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Re: Replacement for mutation events

From: Andrew Oakley <andrew@ado.is-a-geek.net>
Date: Wed, 2 Feb 2011 22:25:28 +0000
To: Olli@pettay.fi
Cc: Olli.Pettay@helsinki.fi, Jacob Rossi <jrossi@microsoft.com>, "www-dom@w3.org" <www-dom@w3.org>, "schepers@w3.org" <schepers@w3.org>, "jeresig@gmail.com" <jeresig@gmail.com>, Jonas Sicking <jonas@sicking.cc>
Message-ID: <20110202222528.6daa1d64@ado-gentoo>
On Wed, 02 Feb 2011 17:04:26 +0200
Olli Pettay <Olli.Pettay@helsinki.fi> wrote:
> On 02/02/2011 03:30 PM, Andrew Oakley wrote:
> > I didn't like the fact that the notifications were normally
> > synchronous but sometimes they might not be.
> In which case would they be async?
> If a callback modifies DOM, the callbacks which are listening that
> "inner" mutation would be called after the currently in the 
> queue-for-execution callbacks have been executed.
> That is still synchronous in the level of the first DOM mutation.
> 
> Or are you thinking about some other case?

No, that is the case I am thinking of.  Perhaps an example is in
order to show why I think this is a problem.

Lets imagine that you had some code that create a dynamic outline view
of a document.  The outline view shows the headings present elsewhere
in the page and is presented in the page itself.  It listens for
SubtreeChanged somewhere high up in the document tree and rebuilds it's
view of the contents below the node passed node.  Obviously this code
is adding and removing nodes to the tree in response to the callbacks.
This should work fine and doesn't seem to be an unreasonable use of the
API.  It doesn't really care when the events happen, as long as they
happen in a reasonable time frame.  Everything works fine here.

Now imagine we have a toolkit that creates fancy looking widgets based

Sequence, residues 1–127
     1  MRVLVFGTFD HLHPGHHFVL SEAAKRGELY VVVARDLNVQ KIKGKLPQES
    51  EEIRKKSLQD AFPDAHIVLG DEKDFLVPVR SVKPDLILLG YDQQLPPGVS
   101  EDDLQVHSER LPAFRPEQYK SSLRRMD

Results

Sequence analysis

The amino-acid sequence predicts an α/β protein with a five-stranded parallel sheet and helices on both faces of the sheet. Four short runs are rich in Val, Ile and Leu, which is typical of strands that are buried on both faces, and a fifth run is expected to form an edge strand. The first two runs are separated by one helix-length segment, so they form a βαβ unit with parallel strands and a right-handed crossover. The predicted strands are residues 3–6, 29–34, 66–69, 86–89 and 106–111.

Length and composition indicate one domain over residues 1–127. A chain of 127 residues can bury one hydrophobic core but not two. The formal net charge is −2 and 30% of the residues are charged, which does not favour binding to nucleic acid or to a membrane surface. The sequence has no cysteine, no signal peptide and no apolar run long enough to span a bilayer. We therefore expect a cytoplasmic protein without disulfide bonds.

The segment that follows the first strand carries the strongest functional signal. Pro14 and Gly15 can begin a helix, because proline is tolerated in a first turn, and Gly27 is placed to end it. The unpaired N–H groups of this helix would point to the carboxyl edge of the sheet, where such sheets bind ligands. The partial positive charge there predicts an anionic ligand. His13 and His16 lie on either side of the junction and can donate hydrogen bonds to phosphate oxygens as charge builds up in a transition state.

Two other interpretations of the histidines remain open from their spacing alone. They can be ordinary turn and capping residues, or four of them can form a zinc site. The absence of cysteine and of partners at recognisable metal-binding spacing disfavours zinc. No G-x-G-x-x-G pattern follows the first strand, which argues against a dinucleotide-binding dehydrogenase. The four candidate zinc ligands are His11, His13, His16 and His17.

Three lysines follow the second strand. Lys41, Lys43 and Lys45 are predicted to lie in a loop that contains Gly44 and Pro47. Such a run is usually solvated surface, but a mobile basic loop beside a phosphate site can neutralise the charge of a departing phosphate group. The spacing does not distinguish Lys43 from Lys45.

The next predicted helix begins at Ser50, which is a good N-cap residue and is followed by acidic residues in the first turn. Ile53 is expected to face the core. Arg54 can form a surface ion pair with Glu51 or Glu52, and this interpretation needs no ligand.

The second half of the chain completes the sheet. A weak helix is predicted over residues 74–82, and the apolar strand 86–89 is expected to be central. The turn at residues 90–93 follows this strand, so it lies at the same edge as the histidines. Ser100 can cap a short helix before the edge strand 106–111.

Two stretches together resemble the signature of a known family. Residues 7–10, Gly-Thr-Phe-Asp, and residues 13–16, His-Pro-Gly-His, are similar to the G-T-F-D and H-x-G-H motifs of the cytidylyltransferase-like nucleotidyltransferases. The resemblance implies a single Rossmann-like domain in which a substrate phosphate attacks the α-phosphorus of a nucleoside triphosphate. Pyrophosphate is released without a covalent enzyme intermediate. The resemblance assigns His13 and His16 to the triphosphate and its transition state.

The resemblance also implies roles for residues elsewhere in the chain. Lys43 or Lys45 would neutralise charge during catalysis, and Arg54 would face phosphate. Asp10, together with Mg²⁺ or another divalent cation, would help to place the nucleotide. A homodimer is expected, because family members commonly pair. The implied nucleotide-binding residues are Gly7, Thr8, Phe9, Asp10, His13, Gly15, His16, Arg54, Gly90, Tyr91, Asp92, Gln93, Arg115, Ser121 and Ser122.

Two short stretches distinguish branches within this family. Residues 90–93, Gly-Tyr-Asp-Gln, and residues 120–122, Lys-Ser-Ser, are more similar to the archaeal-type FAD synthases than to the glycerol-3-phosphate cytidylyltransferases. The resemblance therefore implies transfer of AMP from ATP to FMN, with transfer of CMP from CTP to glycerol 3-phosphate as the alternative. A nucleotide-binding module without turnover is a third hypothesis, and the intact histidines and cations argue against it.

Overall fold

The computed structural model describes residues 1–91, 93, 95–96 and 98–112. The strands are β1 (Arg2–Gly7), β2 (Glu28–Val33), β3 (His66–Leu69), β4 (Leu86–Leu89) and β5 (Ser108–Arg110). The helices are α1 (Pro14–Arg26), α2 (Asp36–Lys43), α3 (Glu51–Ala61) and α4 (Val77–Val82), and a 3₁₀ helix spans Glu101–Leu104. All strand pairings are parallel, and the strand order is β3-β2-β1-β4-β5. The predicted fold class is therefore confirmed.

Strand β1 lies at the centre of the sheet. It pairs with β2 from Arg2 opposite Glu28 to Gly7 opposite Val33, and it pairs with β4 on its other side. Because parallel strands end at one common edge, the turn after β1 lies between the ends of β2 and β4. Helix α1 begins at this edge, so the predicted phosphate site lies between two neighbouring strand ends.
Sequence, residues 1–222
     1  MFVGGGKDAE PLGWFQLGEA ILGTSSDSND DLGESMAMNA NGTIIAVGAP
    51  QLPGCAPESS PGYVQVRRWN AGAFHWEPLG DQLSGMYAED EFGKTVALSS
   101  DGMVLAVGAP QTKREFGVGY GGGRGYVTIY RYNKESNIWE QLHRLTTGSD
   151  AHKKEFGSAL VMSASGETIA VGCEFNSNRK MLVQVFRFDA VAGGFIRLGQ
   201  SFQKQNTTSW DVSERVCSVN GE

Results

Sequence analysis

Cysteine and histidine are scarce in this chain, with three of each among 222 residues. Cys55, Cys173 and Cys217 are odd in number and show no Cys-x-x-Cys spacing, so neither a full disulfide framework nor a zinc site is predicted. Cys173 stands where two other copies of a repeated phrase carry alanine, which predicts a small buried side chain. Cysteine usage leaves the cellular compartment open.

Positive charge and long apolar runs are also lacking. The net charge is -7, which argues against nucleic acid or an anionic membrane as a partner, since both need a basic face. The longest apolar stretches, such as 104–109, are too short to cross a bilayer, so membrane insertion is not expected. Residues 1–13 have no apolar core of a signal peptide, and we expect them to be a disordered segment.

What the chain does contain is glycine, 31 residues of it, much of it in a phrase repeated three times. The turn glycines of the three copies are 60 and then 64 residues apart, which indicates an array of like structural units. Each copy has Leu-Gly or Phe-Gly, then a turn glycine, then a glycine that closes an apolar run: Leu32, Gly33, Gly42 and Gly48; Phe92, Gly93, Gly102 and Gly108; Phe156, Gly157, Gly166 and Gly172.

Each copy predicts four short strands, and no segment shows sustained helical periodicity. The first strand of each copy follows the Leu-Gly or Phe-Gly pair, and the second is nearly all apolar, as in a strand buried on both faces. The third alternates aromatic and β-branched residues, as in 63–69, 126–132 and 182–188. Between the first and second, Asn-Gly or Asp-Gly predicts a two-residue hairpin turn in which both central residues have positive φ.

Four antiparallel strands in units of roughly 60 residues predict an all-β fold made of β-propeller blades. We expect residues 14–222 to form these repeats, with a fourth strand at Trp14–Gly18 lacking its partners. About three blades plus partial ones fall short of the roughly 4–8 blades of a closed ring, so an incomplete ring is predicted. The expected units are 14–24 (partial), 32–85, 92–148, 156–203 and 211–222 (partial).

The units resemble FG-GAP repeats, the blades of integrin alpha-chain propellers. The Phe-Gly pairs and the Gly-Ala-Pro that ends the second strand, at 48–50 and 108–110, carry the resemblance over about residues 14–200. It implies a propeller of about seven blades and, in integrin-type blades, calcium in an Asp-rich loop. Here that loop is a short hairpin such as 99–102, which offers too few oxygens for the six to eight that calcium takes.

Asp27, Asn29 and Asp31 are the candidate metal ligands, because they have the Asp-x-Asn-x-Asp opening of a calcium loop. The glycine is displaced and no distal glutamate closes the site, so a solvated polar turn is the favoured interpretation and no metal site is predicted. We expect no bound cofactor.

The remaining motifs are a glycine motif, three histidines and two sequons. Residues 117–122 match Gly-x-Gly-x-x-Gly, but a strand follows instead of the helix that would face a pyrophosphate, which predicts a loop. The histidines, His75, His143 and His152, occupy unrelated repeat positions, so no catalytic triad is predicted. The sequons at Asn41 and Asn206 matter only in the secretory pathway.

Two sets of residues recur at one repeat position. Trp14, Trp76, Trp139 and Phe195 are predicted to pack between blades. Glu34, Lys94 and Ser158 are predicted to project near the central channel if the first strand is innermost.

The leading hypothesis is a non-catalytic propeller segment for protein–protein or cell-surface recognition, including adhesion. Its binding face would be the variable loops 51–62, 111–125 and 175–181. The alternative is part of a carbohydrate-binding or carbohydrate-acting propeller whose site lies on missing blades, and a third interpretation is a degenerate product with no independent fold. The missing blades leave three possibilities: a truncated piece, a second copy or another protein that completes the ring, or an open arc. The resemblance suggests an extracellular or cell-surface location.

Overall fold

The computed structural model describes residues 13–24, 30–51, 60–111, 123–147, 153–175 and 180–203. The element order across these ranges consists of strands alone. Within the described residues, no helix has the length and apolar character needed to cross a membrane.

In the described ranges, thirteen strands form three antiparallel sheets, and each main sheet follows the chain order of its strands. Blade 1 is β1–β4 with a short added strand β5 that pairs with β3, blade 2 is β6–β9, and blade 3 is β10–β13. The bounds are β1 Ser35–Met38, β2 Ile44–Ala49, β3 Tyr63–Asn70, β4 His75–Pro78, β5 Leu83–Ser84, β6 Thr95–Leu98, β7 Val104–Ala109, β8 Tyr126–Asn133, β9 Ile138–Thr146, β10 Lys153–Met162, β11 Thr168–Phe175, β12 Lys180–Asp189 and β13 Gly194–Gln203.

on attributes on nodes.  Lets say you could do something like this:
<ul fancy-toolkit-view="tree">
  <li>item1</li>
  <li>item2
    <ul>
      <li>subitem1</li>
      <li>subitem2</li>
    </ul>
  </li>
</ul>
The fancy toolkit could turn this into a tree view with little [+]
signs next to the nested items so they could be expanded.  The
toolkit uses the mutation notifications to detect nodes with the
relevant attributes.  The developers of the fancy toolkit rely on the
synchronous nature of the notifications of tree mutations, lets say
they ignore updates that happen while the fancy controls are being
created.  Again, this all works fine.

Now if we imagine that the outline view is tweaked the fancy toolkit to
display the document outline.  Because the fancy tree view is being
created from a mutation callback the fancy toolkit breaks.  One script
has managed to break the other, but only when they are included in the
same page.  The authors of the fancy toolkit have probably never tested
this behaviour and just assumed the notifications are always
synchronous.  

The fact that including two "stock" scripts on the same page might not
work worries me.  The fact that I can't think of a good use case that
requires the notifications to be synchronous is what makes me think
that we should always perform them asynchronously.  

[ I'm not saying that building a toolkit like this is a good idea, just
that someone might do it. ]

>   It feels like this could be the source
> > of subtle bugs (in scripts, rather than browser implementations),
> > especially if toolkits were built on top of other toolkits (like
> > script.aculo.us on top of prototype) and both toolkits used the
> > notifications and expected them to be synchronous.
> >
> > The fact that you could batch changes could be considered to be a
> > side effect of this change, however I think it is a fairly
> > compelling argument in itself.
> 
> The problem is to define how to batch and when?

Hopefully my explanation as to why I think asynchronous events is a
good idea makes sense, and does not require batching of events.  That
is a separate problem which warrants further thought.  

-- 
Andrew Oakley
Received on Wednesday, 2 February 2011 22:25:00 GMT

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